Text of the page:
Operating Model: Productive division of labor is the basis of an efficient organisation

The collaboration of many requires a sensible division of labour: clarity about tasks and roles and efficient core processes that are aligned with the strategic goals of the organisation. This effective setup is one of the most important prerequisites for an organisation's performance.

However, how well the division of labour works in practice also depends on how clear common goals are, how effective leadership and collaboration are and how well the right talent is found, developed and retained. We integrate these aspects into a holistic approach that is visibly more effective than traditional approaches.

Challenges and solutions

We support our clients when the set-up of their organisation is an obstacle to better performance. When there are deficits in terms of speed, agility or customer focus, when there are duplications and inefficiencies, when strategic course changes also require adjustments to the organisation. Depending on the problem, we work on the interfaces of cooperation in the existing organisation or provide support in the design of new organisations and complete restructuring. We use proven methods and tools to develop customised solutions for our clients.

Examples from our consulting practice

Agilised organisational development
Organisational design
Reorganisation
Our experts

If you want to further develop the set-up of your organisation and improve management and collaboration, we should talk. Together we can discuss how we can make your organisation more successful with a clear business orientation, a holistic approach and a focus on implementation.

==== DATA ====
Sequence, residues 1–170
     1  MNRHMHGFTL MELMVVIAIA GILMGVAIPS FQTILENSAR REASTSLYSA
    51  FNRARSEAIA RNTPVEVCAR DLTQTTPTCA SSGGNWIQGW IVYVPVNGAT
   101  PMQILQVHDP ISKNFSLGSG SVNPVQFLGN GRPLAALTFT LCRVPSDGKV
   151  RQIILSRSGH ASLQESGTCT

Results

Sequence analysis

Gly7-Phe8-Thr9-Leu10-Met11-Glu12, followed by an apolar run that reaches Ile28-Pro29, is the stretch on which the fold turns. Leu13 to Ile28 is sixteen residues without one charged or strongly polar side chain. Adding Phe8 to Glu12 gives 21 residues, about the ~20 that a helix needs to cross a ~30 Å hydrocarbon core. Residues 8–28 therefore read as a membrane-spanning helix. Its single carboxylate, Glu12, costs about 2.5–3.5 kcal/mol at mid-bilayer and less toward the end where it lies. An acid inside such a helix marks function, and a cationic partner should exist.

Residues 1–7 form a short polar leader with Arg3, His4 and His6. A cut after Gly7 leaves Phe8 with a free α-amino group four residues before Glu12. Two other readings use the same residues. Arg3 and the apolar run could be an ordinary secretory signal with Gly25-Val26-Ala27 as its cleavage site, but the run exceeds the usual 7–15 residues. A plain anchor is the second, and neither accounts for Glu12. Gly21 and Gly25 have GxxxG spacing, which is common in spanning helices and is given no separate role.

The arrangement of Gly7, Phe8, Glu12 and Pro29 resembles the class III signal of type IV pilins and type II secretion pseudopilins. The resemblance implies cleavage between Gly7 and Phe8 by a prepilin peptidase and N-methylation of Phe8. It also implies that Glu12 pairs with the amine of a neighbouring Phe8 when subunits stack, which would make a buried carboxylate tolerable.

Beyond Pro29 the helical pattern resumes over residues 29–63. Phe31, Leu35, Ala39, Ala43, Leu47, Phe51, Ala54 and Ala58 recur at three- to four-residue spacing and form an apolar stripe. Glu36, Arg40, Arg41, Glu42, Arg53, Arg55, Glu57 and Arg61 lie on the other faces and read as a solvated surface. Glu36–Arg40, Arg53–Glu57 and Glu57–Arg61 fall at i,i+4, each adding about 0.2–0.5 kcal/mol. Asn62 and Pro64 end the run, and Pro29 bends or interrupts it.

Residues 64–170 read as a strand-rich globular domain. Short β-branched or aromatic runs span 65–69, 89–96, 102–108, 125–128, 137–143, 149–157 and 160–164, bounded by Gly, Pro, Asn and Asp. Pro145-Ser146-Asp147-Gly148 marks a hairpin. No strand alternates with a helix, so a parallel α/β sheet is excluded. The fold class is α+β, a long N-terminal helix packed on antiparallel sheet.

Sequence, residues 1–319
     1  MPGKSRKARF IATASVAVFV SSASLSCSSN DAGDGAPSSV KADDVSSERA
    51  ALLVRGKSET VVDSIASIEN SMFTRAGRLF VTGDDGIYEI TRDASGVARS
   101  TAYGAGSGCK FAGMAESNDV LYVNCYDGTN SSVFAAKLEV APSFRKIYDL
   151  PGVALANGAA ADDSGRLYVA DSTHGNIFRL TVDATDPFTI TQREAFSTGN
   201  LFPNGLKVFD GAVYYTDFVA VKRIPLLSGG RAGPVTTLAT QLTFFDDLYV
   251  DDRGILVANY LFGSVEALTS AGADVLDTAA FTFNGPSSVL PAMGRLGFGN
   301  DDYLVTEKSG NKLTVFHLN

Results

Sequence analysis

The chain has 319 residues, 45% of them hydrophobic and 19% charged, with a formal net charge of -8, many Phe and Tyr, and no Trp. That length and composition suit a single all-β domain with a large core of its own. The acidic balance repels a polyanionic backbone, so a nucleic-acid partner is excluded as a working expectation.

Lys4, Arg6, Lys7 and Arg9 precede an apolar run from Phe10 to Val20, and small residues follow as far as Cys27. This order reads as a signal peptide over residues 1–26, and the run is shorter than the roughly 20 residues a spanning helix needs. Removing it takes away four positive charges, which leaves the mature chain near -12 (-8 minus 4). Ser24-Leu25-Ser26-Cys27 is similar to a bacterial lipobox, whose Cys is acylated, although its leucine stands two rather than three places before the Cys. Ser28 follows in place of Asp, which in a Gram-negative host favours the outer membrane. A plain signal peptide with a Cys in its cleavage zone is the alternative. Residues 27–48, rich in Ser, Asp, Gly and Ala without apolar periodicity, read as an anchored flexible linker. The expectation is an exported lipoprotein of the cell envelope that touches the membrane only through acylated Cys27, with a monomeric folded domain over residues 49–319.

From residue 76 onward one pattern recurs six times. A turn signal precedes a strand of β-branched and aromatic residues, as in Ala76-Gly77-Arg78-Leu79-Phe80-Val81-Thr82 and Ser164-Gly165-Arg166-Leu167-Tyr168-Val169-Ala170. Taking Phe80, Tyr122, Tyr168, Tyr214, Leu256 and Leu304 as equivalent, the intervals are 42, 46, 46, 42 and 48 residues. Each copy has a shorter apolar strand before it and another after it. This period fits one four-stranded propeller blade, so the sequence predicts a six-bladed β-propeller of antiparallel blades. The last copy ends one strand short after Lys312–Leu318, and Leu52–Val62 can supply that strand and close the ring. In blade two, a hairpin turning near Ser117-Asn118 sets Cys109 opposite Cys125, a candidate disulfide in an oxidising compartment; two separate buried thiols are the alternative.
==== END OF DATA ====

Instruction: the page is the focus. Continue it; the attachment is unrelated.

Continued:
Our experts look forward to hearing from you!

Dr. Axel Sauder
Dr. Axel Sauder
Partner
Dr. Florian Dressler
Dr. Florian Dressler
Partner
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Organisational structure: What is important for companies

The simplest form of establishing a division of labour is an organisational structure in which clearly described tasks are assigned to specific parts of the organisation. But what exactly does this mean and how can you optimise your company's organisational structure?

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How-to: What does a successful reorganisation look like?

Teams are better than individuals for countless reasons and are the cornerstone of every organisation. Nevertheless, we experience dysfunctional teams time and again, especially management teams. Why is this and how can teams develop systematically?

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Transformation - not without HR!

HR is increasingly becoming a central player in transformation processes. It is no longer just about efficiency and professional HR work, but about making a strategic contribution to the transformation of the organisation.

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Restructuring and systemic organisational development

Restructuring and systemic organisational development are crucial processes for any company that wants to successfully meet the challenges of a constantly changing market. Successful restructuring begins with a thorough analysis of existing company structures and processes. It is essential to develop a clear understanding of the company's actual needs and specific situation. The focus here is on identifying and optimising inefficient processes in order to make the organisation more effective and responsive.